Over the past decades, the wired world of tech and business have come to dominate economies around the world, and nowhere more than in China and the United States. Interestingly, the power of these massive, almost monopolistic, tech giants, as well as their role and impact on society, are now finally being reconsidered in both places.
Pronouncements that the Belt and Road Initiative is failing are premature, argues Tom Miller, author of China’s Asian Dream and Senior Asia Analyst at Gavekal Research. He is well-versed in the problems facing the Belt and Road Initiative (BRI) and predicted many of them. In his 2017 book China’s Asian Dream, he warned that China’s preference for cultivating close relationships with individual leaders could be a long-term risk for BRI. Eighteen months on, this looks prescient. New governments have won power in Malaysia, Pakistan and the Maldives, and renegotiating deals signed by their predecessors are high on the agendas.
Many developing nations see China as a champion and as an investor. Western countries wish to see China shoulder a greater share of the burden of global leadership, and a growing number of Chinese citizens want China to reclaim its ancient role of international dominance. But is China ready to “lead the world?” Has it reached the stage where it can set the international tone, take the central role on global issues and provide preeminent guidance toward the future? To many the answer might be “yes”, but as the foundations of the powerhouse economy are actually weaker than they seem, that assessment may be premature.
Before Daniel Kahneman, few if any psychologists influenced the field of economics. But the Nobel laureate reversed the assumption underpinning most economic theories: people always make rational choices. “People are rational, except they are myopic,” says Kahneman. As a result of his work, which pioneered the ideas of behavioral economics, individuals learned how to modify their less-than-perfect decisions and organizations learned to take human limitations into consideration in decision-making. In this interview, Kahneman talks about the history of his research, how he, who began as a psychologist, ended up influencing economics, and why his work generated so much impact.
Back in 2014, Stephen Hawking warned that people should be careful about artificial intelligence (AI)—the full development of it could spell the end of the human race, he said. Brad Nelson, professor of robotics and intelligent systems at ETH Zürich, is optimistic about the technology’s development. To him, machines and robotics are augmenting instead of replacing the human workforce. In this interview with CKGSB Knowledge, Nelson talks about the state of AI so far, China’s advantages in this industry and, as an engineer, his insights into the relation between humans and machines.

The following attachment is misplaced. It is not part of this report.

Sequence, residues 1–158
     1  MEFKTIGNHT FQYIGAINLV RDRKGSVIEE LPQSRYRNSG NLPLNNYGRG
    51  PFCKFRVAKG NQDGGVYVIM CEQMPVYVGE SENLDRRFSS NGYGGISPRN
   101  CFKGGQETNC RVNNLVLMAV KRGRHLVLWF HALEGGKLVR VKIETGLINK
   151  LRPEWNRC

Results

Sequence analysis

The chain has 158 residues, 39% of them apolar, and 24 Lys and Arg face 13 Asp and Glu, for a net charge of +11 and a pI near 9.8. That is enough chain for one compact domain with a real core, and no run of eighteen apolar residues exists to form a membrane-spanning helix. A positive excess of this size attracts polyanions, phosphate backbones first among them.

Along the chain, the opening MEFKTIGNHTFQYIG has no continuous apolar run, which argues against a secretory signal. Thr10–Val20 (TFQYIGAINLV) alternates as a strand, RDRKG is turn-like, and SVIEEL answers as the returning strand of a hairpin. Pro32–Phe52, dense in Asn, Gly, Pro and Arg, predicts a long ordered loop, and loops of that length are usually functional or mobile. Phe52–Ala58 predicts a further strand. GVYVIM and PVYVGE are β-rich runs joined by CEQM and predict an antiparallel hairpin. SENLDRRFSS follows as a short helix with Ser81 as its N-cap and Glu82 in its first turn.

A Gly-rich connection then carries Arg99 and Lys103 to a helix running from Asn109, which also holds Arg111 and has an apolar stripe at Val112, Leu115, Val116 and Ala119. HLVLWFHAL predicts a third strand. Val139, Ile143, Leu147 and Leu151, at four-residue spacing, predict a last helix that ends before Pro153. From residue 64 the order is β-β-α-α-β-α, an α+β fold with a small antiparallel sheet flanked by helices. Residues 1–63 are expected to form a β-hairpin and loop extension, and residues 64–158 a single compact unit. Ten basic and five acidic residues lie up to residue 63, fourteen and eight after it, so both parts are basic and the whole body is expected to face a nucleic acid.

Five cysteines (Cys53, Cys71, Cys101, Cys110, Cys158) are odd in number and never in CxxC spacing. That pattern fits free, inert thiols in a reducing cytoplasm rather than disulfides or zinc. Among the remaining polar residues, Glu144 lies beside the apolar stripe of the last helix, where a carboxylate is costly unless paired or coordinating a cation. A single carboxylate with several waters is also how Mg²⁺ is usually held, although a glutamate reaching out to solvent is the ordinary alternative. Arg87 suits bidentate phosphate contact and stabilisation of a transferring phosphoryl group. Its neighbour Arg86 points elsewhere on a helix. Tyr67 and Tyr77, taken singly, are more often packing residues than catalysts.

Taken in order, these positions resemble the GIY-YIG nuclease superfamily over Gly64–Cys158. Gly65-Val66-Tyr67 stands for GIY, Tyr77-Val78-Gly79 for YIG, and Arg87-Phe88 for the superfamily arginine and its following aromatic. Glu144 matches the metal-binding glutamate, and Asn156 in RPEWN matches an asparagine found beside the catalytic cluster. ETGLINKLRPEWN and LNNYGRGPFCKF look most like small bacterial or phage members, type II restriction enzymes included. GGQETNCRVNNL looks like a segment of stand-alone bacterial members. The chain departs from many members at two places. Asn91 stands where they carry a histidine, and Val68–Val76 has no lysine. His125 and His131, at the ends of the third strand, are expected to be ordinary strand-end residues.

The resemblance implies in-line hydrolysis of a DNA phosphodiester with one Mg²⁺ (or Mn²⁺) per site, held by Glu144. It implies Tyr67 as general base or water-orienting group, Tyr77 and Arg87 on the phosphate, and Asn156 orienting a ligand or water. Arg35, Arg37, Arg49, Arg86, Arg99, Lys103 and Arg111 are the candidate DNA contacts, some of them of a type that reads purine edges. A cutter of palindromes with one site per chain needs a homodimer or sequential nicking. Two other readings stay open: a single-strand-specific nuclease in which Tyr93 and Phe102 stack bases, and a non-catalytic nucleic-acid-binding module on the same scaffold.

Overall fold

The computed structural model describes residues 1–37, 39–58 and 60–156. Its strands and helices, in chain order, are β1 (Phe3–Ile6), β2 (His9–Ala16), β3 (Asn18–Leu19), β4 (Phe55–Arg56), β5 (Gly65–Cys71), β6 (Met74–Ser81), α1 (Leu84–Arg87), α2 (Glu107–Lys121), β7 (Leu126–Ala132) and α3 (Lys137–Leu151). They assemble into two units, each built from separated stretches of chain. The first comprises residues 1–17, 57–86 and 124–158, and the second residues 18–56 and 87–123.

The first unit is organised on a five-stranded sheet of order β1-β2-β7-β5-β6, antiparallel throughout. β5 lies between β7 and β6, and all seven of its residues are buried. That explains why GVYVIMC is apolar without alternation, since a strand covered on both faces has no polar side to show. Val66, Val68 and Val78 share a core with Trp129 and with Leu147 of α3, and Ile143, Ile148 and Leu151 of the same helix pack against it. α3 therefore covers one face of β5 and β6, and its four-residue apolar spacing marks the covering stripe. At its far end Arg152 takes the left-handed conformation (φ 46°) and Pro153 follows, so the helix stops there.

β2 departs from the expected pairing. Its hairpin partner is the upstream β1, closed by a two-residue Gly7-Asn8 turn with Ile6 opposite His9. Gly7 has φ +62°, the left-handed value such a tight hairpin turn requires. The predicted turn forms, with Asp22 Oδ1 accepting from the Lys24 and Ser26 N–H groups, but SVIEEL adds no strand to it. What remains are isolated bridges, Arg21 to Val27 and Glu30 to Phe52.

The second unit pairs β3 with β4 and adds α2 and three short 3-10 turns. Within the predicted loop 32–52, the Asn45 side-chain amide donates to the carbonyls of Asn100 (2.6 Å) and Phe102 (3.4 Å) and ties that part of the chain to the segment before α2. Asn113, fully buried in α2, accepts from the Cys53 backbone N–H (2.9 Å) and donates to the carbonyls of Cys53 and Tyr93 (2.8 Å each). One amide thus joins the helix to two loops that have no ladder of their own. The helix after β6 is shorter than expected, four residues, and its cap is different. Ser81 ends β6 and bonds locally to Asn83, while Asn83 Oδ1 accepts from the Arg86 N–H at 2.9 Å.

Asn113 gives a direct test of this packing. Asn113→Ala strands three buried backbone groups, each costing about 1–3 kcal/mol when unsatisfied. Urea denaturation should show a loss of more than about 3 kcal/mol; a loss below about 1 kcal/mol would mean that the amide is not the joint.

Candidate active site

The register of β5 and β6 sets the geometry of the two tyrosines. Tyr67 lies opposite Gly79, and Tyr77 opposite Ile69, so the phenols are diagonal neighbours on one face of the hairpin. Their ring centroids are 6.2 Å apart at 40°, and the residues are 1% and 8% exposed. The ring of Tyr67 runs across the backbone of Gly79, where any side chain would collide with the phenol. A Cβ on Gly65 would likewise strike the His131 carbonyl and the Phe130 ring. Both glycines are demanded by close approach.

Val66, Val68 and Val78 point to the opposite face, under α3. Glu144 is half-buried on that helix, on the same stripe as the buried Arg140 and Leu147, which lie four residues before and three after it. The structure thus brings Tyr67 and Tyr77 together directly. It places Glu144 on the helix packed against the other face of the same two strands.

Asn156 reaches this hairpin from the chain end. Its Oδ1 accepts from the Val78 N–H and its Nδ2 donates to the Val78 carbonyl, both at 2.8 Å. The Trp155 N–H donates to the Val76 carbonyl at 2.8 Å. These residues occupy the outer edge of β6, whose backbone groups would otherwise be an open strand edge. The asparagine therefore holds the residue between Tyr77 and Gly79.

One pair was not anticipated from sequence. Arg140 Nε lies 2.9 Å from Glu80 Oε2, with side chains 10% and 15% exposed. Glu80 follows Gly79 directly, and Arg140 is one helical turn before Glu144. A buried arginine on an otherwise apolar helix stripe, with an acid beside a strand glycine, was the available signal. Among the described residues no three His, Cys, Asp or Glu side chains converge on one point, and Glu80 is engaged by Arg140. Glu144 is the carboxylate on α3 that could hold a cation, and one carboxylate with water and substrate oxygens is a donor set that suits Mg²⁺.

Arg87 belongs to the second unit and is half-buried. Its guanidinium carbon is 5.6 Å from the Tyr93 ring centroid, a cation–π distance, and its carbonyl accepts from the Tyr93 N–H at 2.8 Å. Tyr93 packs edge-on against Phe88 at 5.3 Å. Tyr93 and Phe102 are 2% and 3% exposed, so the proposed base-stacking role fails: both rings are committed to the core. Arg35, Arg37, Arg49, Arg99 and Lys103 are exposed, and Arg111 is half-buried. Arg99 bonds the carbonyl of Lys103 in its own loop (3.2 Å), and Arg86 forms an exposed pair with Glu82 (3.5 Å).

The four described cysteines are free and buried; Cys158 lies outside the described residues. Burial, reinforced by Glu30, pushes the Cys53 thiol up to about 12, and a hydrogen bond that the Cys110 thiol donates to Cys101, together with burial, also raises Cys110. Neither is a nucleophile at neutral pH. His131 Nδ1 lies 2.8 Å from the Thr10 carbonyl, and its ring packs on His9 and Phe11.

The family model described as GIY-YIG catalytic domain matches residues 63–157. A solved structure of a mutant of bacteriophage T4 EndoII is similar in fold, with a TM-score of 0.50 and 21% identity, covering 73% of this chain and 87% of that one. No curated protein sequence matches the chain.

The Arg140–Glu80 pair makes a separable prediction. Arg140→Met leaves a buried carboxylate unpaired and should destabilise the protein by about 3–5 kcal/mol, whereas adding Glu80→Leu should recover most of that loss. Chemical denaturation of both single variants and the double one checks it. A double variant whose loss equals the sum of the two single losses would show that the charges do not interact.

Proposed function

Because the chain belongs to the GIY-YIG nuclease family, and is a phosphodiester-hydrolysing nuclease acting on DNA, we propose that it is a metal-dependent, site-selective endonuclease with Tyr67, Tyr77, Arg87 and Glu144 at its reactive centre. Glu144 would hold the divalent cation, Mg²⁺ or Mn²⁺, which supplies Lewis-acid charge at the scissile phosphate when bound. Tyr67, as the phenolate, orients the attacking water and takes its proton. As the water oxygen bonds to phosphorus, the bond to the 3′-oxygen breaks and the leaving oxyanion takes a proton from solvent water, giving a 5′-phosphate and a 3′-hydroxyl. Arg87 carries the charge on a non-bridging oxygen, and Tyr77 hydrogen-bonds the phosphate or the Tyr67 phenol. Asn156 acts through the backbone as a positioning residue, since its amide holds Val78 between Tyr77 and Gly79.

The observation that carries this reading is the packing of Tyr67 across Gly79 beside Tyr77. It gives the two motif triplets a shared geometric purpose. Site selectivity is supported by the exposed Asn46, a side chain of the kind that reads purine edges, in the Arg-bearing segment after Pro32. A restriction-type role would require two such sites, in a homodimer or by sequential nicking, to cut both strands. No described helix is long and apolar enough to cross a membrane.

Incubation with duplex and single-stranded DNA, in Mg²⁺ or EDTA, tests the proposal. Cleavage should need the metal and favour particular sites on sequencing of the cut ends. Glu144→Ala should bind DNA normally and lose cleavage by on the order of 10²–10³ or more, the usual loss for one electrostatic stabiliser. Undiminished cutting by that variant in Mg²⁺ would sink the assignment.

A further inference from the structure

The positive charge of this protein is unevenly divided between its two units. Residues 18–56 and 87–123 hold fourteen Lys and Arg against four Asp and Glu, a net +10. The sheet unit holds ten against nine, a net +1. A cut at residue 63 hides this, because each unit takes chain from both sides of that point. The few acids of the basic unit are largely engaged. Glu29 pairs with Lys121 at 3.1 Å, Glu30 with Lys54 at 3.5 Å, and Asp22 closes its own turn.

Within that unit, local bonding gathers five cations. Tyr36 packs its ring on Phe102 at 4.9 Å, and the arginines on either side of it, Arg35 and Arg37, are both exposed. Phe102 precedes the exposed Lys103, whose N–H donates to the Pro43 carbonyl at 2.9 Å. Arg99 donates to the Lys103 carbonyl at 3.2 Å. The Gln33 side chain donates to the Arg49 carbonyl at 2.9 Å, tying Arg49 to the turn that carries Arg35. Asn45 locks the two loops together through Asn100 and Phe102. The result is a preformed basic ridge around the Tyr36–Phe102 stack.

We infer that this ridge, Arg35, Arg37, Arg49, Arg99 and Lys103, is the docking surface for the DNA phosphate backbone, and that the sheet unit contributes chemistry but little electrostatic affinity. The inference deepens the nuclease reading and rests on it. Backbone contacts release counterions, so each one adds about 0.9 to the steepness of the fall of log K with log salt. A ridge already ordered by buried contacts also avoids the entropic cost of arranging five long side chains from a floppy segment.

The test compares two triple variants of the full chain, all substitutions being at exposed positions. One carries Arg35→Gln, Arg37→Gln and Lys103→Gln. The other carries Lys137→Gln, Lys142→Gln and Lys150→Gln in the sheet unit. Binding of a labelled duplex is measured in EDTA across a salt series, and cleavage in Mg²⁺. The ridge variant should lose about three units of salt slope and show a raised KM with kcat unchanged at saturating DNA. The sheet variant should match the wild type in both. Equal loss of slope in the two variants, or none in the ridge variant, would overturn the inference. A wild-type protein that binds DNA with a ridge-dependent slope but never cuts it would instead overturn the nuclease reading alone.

Global trade used to be hailed with no doubt. But today, the international mood for globalization has to a great extent shifted. The deeply-held views on free trade and open access for all, which are at the heart of the globalization trend of recent decades, have been joined by ever-more insistent drum beats of dissent. From Europe and North America particularly, but from other places as well, there are calls for a rollback, for trade restrictions, for sanctions and barriers. There are those in the West who believe that to protect jobs and industries, it is necessary to replace “globalization” with “de-globalization.”
A common view of China’s central planning is that it has failed; since China grew faster when its reforms replaced planning with markets, the sooner China gets rid of Five Year Plans the better. This view is rather simplistic. Evidence shows that the Five Year Plans have played an important role in China’s progress. It was the fastest way for China to mobilize capital and labor for industrialization. And when China transitioned from a planned to a market economy and the two worked in parallel, it maintained employment, livelihoods, infrastructure and the supply of basic goods, hence a stable foundation for the nascent market economy.
Anil K. Gupta, the Michael Dingman Chair in Strategy, Globalization and Entrepreneurship at University of Maryland’s Smith School of Business, questions the logic behind Haier’s giant leap towards its new platform strategy. What’s at stake for Haier if it doesn’t embark upon this ambitious plan? According to Gupta: Haier now faces a major conundrum. Unless the company can find other growth opportunities fast, it faces years of potentially very slow growth. It is in this context that one can understand why CEO Zhang Ruimin has embarked on this new strategy.
It is a truth universally acknowledged that a Chinese state-owned enterprise (SOE) in possession of industrial assets must be in want of reform. China’s reforms have released many assets into private ownership, but large blocks remain in corporations linked either to the central government or to a local government via chains of corporate ownership. The State Council’s latest guidelines on the reform of state-linked enterprises envisage more private ownership, some mergers, and a greater role for state asset management companies. But would that ensure better corporate governance?
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